The most interesting, as well as the most important, feature of the Hellenistic age is the diffusion of Hellenic culture—the “Hellenizing” of the Orient. It was, indeed, a changed world in which men were now living.
Greek cities, founded by Alexander and his successors, stretched from the Nile to the Indus, dotted the shores of the Black Sea and Caspian, and arose amid the wilds of central Asia. The Greek language, once the tongue of a petty people, grew to be a universal language of culture, spoken even by “barbarian” lips. And the art, the science, the literature, the principles of politics and philosophy, developed in isolation by the Greek mind, henceforth became the heritage of many nations.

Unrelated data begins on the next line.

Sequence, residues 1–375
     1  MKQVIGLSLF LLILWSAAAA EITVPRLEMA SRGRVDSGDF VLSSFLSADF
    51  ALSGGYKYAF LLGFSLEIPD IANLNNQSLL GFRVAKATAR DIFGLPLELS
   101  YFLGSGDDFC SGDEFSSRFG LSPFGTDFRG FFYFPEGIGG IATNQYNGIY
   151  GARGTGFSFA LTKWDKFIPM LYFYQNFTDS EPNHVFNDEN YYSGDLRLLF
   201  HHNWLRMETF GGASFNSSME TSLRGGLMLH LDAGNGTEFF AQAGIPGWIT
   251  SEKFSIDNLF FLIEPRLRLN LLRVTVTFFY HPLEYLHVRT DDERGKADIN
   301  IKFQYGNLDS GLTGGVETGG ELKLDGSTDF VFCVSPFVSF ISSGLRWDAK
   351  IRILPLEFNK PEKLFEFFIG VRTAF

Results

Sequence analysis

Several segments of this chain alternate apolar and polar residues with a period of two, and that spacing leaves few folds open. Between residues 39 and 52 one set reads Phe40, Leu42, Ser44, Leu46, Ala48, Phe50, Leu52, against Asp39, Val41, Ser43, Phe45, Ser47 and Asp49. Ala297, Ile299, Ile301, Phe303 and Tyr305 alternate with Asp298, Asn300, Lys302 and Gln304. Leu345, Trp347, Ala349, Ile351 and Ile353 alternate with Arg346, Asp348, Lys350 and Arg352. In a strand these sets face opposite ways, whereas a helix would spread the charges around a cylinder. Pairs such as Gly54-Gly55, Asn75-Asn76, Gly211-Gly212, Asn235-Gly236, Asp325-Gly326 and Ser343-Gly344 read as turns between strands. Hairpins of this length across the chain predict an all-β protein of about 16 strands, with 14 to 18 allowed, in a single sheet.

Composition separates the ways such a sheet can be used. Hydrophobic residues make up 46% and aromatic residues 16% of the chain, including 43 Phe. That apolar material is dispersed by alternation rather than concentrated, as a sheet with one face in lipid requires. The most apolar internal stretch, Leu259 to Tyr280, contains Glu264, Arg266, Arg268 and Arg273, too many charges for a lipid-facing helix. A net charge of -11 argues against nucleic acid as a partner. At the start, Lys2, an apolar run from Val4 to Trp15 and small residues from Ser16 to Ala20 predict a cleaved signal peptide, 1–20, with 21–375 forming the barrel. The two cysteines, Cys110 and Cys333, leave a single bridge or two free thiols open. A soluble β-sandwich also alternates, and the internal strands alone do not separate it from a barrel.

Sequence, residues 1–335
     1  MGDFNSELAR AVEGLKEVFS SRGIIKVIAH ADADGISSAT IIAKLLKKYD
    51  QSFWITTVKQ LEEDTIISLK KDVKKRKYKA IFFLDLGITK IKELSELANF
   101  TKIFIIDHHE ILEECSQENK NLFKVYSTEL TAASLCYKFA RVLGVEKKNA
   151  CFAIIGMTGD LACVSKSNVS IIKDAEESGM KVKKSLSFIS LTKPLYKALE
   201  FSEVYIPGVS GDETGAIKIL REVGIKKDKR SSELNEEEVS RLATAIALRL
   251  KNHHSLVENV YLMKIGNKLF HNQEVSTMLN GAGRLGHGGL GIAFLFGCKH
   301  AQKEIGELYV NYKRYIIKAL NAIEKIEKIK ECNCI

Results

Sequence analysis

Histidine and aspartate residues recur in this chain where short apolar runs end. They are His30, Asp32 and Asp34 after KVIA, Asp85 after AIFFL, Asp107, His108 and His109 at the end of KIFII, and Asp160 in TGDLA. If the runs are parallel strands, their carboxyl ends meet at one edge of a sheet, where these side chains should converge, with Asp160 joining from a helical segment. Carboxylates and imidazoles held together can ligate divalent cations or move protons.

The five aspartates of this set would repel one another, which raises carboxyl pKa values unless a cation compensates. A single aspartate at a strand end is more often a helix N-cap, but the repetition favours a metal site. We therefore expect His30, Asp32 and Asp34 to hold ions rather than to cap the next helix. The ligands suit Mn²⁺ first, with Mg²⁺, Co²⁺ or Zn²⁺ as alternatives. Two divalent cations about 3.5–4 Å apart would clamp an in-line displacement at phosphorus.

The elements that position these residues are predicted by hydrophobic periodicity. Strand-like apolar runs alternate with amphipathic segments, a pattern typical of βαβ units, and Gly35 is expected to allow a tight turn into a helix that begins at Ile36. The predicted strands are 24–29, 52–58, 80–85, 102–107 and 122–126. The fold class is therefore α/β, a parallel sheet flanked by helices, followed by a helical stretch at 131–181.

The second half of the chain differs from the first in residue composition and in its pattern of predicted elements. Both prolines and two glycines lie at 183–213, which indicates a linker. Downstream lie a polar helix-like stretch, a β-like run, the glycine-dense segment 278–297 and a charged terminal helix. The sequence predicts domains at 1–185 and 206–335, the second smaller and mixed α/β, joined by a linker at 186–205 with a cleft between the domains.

In the period after Alexander the long struggle between East and West reached a peaceful conclusion. The distinction between Greek and Barbarian gradually faded away, and the ancient world became ever more unified in sympathies and aspirations. It was this mingled civilization of Orient and Occident with which the Romans were now to come in contact, as they pushed their conquering arms beyond Italy into the eastern Mediterranean.
From The Making of Europe / Early European History